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ISOLATION LEVEL READ UNCOMMITTED Expand / Collapse
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Posted Thursday, March 07, 2013 9:00 AM
Old Hand

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Hi friends,

Our 3rd party vendor provided us a patch with several stored procedures that has SET TRANSACTION ISOLATION LEVEL READ UNCOMMITTED statement in them.. I believe this statement heavily uses dirty reads so wondering if there is a possibility of data impact in our application due to this? They seem to be using it in every simple procedure.. Do you recommend using this statement for any specific type of DML's (insert,delete etc) in the procedure?

Would like to hear from you experts.. Any help is appreciated.. Thanks a lot
Post #1428042
Posted Thursday, March 07, 2013 9:37 AM


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Read uncommitted, the isolation level that should be called 'Potentially inconsistent data'

See - http://blogs.msdn.com/b/davidlean/archive/2009/04/06/sql-server-nolock-hint-other-poor-ideas.aspx



Gail Shaw
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Post #1428066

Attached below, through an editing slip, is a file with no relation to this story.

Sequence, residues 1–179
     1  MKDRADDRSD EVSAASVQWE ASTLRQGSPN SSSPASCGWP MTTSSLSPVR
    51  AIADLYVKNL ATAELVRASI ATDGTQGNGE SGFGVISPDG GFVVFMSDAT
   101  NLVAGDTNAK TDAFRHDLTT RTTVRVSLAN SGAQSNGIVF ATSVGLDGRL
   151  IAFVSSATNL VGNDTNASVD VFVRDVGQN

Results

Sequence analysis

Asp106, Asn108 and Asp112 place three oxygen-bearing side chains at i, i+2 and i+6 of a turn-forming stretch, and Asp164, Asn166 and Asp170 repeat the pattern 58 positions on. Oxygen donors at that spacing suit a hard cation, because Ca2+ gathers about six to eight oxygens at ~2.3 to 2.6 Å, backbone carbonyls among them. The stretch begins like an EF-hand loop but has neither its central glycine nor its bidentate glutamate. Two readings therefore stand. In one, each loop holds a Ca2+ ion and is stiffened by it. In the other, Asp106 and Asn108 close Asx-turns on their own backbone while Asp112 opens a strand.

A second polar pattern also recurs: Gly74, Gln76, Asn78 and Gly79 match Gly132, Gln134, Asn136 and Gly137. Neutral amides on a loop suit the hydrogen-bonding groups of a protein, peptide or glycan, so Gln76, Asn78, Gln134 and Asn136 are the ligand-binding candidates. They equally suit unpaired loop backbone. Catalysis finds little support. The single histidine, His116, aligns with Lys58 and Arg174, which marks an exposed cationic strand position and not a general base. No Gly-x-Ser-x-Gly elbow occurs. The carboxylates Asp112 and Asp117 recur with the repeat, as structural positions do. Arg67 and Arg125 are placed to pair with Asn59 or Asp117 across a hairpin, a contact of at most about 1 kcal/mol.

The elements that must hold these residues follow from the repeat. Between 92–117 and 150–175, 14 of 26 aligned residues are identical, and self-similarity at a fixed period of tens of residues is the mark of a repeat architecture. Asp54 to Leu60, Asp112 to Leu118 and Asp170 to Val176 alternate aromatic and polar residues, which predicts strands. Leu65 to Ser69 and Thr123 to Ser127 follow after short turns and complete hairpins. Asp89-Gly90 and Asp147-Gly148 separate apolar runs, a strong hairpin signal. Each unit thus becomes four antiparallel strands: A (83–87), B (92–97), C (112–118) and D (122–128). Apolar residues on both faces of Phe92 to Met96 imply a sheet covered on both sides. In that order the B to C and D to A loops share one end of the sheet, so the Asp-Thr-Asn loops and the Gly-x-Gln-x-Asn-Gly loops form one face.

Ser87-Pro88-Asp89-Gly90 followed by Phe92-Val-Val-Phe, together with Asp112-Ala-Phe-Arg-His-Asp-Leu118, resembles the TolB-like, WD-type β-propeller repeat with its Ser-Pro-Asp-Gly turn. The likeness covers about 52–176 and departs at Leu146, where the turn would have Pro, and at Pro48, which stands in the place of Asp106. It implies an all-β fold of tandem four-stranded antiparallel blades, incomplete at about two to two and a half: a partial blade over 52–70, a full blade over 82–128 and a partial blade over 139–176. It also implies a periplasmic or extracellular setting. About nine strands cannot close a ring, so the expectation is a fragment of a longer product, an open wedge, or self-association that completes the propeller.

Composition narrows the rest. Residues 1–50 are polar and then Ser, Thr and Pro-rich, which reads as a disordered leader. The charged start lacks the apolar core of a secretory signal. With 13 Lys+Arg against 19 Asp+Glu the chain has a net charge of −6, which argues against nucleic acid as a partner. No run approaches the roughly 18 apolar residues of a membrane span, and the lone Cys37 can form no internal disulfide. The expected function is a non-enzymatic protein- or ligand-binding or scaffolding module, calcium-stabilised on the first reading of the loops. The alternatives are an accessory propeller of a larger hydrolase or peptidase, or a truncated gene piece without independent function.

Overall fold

Posted Thursday, March 07, 2013 12:52 PM


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newbieuser (3/7/2013)
Do you recommend using this statement for any specific type of DML's (insert,delete etc) in the procedure?

For most DML operations it will be ignored since exclusive locks will always be required when modifying the data. Where you get into trouble is from doing INSERT...SELECT with a NOLOCK hint or READ_UNCOMMITTED iso level.

I would suggest you read the article Gail posted and try pushing back on these changes, i.e. remove all instances from the code where the iso level is being set to READ_UNCOMMITTED and remove all NOLOCK hints. Instead, have them look into enabling READ_COMMITTED_SNAPSHOT mode at the database level.


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Posted Thursday, March 07, 2013 1:08 PM


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opc.three (3/7/2013)
Instead, have them look into enabling READ_COMMITTED_SNAPSHOT mode at the database level.


Or ALLOW_SNAPSHOT_ISOLATION and SET TRANSACTION ISOLATION LEVEL SNAPSHOT



Gail Shaw
Microsoft Certified Master: SQL Server 2008, MVP
SQL In The Wild: Discussions on DB performance with occasional diversions into recoverability

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Post #1428232
Posted Thursday, March 07, 2013 3:23 PM
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Or find a vendor that knows what they are doing with SQL Server.

If this is an application that is connection pooling, then that can cause other problems in unrelated procedures, because the API sp_reset_connection stored procedure does not reset the transaction isolation level to the default. The means that the next call that uses that connection will also be using read uncommmitted, unless you explicitly set the isolation level.

I consider that a bug, but Microsoft seems to think it is just "working as designed". It's a very hard problem to debug, which I found out the hard way.

Post #1428291
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